proof of second isomorphism theorem for groups

First, we shall prove that HK is a subgroupMathworldPlanetmathPlanetmath of G: Since eH and eK, clearly e=e2HK. Take h1,h2H,k1,k2K. Clearly h1k1,h2k2HK. Further,


Since K is a normal subgroupMathworldPlanetmath of G and h2G, then h2-1k1h2K. Therefore h1h2(h2-1k1h2)k2HK, so HK is closed under multiplicationPlanetmathPlanetmath.

Also, (hk)-1HK for hH, kK, since


and hk-1h-1K since K is a normal subgroup of G. So HK is closed under inversesMathworldPlanetmathPlanetmathPlanetmathPlanetmathPlanetmathPlanetmathPlanetmath, and is thus a subgroup of G.

Since HK is a subgroup of G, the normality of K in HK follows immediately from the normality of K in G.

Clearly HK is a subgroup of G, since it is the intersectionMathworldPlanetmathPlanetmath of two subgroups of G.

Finally, define ϕ:HHK/K by ϕ(h)=hK. We claim that ϕ is a surjective homomorphismMathworldPlanetmathPlanetmathPlanetmathPlanetmathPlanetmathPlanetmathPlanetmathPlanetmath from H to HK/K. Let h0k0K be some element of HK/K; since k0K, then h0k0K=h0K, and ϕ(h0)=h0K. Now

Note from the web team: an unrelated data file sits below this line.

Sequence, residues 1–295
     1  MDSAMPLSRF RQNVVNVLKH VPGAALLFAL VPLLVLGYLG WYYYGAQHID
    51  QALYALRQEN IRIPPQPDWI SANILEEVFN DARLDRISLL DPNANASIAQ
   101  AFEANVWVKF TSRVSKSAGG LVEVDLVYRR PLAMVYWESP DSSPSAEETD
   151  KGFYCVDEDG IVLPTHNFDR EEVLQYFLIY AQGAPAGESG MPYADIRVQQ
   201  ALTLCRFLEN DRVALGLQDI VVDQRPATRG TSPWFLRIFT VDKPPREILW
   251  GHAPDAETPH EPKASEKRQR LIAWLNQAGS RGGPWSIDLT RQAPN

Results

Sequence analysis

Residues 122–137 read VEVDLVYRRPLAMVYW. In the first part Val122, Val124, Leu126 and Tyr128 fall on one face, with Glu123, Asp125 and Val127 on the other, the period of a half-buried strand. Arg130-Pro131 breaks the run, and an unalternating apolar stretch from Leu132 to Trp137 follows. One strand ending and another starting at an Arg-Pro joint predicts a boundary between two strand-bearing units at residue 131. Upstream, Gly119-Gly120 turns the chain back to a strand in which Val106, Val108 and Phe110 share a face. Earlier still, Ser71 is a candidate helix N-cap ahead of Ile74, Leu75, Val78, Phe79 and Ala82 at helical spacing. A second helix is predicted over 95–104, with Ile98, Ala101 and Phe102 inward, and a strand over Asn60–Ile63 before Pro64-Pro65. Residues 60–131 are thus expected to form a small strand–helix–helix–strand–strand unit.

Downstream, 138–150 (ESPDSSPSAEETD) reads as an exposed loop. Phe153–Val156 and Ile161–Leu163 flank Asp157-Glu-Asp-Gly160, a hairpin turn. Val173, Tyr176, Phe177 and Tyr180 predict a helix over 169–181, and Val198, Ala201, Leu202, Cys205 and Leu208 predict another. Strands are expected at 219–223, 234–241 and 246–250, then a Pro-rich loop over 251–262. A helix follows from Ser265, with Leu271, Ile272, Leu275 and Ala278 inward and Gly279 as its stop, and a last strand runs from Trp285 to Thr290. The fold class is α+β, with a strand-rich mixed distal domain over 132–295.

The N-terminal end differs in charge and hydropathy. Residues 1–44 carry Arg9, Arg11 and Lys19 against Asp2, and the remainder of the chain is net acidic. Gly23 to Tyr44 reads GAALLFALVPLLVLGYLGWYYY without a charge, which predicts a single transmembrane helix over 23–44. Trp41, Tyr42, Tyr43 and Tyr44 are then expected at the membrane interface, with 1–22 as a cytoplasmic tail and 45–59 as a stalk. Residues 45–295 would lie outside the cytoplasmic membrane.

and if hK=K, then we must have hK. So


Thus, since ϕ(H)=HK/K and kerϕ=HK, by the First Isomorphism TheoremPlanetmathPlanetmath we see that HK is normal in H and that there is a canonical isomorphism between H/(HK) and HK/K.

Title proof of second isomorphism theorem for groups
Canonical name ProofOfSecondIsomorphismTheoremForGroups
Date of creation 2013-03-22 12:49:47
Last modified on 2013-03-22 12:49:47
Owner yark (2760)
Last modified by yark (2760)
Numerical id 17
Author yark (2760)
Entry type Proof
Classification msc 20A05
Related topic ProofOfSecondIsomorphismTheoremForRings